QTools  6.9.4
Collection of Host-Based Tools
QUTest™ Unit Testing Harness

       

About QUTestâ„¢

QUTest™ (pronounced "cutest") is a unit testing harness (a.k.a. unit testing framework), which is specifically designed for deeply embedded systems, but also supports unit testing of embedded code on host computers ("dual targeting"). QUTest™ is the fundamental tooling for Test-Driven Development (TDD) of QP/C/C++ applications, which is a highly recommended best-practice.

Note
Even though QUTest™ has been primarily designed for testing of event-driven systems, it can also be used to test any embedded C or C++ code. To demonstrate this capability, the QUTest™ comes with a few examples from the conventional Unity testing framework, which among others demonstrate such techniques as using test doubles and mocks with QUTest™.

How it works?

In a nutshell, working with QUTest™ is similar to "debugging with printf" (or sprintf or similar), where you instrument the code to output information about its execution. You then run the code with a controlled set of inputs, and examine the produced output from the printfs to determine whether the code under test operates correctly. The main differences from using printfs are: (1) that the much more efficient QP/Spy output mechanism is used instead and (2) that both generating the inputs and the checking of the test outputs are automated.

The process of testing embedded code with QUTest™ involves the following components:

  1. The Target that runs an instrumented test fixture code, whose job is to exercise your CUT (Code Under Test). Please note that a test fixture only exercises the CUT and reports the results to the host using QP/Spy, but the test fixture does not check if the CUT operates "correctly".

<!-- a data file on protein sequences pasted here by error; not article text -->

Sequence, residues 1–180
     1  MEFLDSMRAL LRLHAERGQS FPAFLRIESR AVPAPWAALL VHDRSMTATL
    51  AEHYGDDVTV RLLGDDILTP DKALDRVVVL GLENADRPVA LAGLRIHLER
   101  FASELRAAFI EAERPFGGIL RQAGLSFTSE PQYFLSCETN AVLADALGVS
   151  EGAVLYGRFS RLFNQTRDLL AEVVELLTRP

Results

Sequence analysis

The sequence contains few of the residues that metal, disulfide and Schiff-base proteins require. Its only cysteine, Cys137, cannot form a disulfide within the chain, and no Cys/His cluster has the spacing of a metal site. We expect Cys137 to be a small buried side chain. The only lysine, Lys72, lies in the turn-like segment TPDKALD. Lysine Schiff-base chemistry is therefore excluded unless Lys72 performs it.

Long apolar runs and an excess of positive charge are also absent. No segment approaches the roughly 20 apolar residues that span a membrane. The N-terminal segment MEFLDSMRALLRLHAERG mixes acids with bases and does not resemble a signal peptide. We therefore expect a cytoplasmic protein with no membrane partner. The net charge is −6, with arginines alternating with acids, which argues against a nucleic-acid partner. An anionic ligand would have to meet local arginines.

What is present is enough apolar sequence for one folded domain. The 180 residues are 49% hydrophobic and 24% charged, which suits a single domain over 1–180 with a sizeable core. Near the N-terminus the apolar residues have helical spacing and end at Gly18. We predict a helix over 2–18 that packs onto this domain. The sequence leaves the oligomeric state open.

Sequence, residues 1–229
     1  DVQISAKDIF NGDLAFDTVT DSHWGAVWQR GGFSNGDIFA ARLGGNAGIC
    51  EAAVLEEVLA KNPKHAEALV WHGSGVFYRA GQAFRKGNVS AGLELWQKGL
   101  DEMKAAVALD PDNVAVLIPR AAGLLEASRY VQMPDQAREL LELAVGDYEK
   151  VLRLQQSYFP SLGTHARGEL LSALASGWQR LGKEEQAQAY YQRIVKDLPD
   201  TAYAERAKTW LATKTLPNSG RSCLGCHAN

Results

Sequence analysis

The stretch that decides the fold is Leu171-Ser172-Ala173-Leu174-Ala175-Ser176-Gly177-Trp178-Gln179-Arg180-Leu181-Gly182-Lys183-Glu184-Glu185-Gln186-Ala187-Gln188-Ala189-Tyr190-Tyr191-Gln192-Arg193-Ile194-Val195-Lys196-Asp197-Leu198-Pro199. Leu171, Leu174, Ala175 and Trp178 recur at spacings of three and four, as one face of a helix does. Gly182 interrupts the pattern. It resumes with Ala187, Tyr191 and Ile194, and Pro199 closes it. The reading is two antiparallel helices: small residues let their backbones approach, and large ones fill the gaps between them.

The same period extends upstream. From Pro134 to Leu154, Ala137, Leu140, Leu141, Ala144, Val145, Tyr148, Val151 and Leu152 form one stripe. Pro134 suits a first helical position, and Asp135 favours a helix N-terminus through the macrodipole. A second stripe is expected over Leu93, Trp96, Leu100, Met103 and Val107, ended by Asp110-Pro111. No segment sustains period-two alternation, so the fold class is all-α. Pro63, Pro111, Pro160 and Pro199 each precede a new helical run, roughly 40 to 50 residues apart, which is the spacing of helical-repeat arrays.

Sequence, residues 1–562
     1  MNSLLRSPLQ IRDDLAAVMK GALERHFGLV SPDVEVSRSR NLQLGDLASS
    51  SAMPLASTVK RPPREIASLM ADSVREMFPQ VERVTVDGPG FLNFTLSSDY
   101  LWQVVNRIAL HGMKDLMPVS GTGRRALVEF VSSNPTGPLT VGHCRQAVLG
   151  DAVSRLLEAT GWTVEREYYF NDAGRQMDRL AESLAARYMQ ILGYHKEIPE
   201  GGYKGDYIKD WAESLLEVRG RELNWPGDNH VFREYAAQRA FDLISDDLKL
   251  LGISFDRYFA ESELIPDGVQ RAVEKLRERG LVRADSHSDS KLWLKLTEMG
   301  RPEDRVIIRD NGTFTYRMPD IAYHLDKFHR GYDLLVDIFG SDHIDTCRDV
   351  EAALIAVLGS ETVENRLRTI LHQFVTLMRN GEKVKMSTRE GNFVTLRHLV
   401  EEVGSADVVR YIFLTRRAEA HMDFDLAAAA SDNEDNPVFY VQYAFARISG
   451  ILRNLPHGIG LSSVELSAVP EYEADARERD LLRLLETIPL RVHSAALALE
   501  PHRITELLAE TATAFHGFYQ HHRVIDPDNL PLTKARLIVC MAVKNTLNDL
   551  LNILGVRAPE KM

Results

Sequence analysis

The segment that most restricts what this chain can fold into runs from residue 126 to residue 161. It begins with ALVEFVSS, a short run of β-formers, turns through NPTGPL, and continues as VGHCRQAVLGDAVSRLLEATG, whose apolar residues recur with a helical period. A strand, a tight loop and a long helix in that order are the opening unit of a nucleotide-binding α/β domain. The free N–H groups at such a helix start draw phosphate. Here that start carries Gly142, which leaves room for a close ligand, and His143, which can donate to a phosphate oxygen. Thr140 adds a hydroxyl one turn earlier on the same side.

NOTE: Several examples of test fixtures are explained in the QUTest Tutorial. The details of test fixtures are described in QUTest Fixture Reference.

  2. The QSPY "back-end" application that receives the tracing data from the Target and also opens a communication channel for the QUTest "front-end".
  3. The QUTest "front-end" that executes test scripts, which drive the tests and check the QSPY output against the expectations ("test-assertions").

    NOTE: Several examples of test scripts are explained in the QUTest Tutorial. The details of test scripts are described in QUTest Script Reference.


Communication between Target, QSPY, and QUTest
Remarks
The separation between CUT execution and checking the test results has many benefits. One of the most important ones is that CUT execution (test fixture) and checking the results (test script) can be done in different programming languages. To this end QUTest™ provides support for writing the test scripts in Python.

The general QUTest™ structure just described corresponds to running tests on an embedded Target. But QUTest™ can also execute tests on the host computer. In that case (shown in the figure below), the test fixture is a host executable that communicates with the QSPY host application via a TCP/IP socket (QSPY started with the -t command-line option). In this case all QUTest™ components execute on the host computer.

QUTest with Host Executable
Remarks
To work effectively with QUTest™, you need to understand how much output to expect from any given input. Additionally, you need to understand how QUTest ensures that for every input to the test fixture, the generated QSPY output matches all test expectations and that there are no extra expectations or missing expectations after every command from the test script. These subjects are explained in the section Run-to-Completion Processing.

What's Special about QUTestâ„¢?

Unlike other existing unit testing harnesses for embedded systems (e.g., Unity or CppUTest) QUTest™ is not based on xUnit that was originally designed to run tests on host computers. Instead, QUTest™ is geared towards unit testing of deeply embedded systems. Here is a list of QUTest™ unique features, specifically designed for this purpose: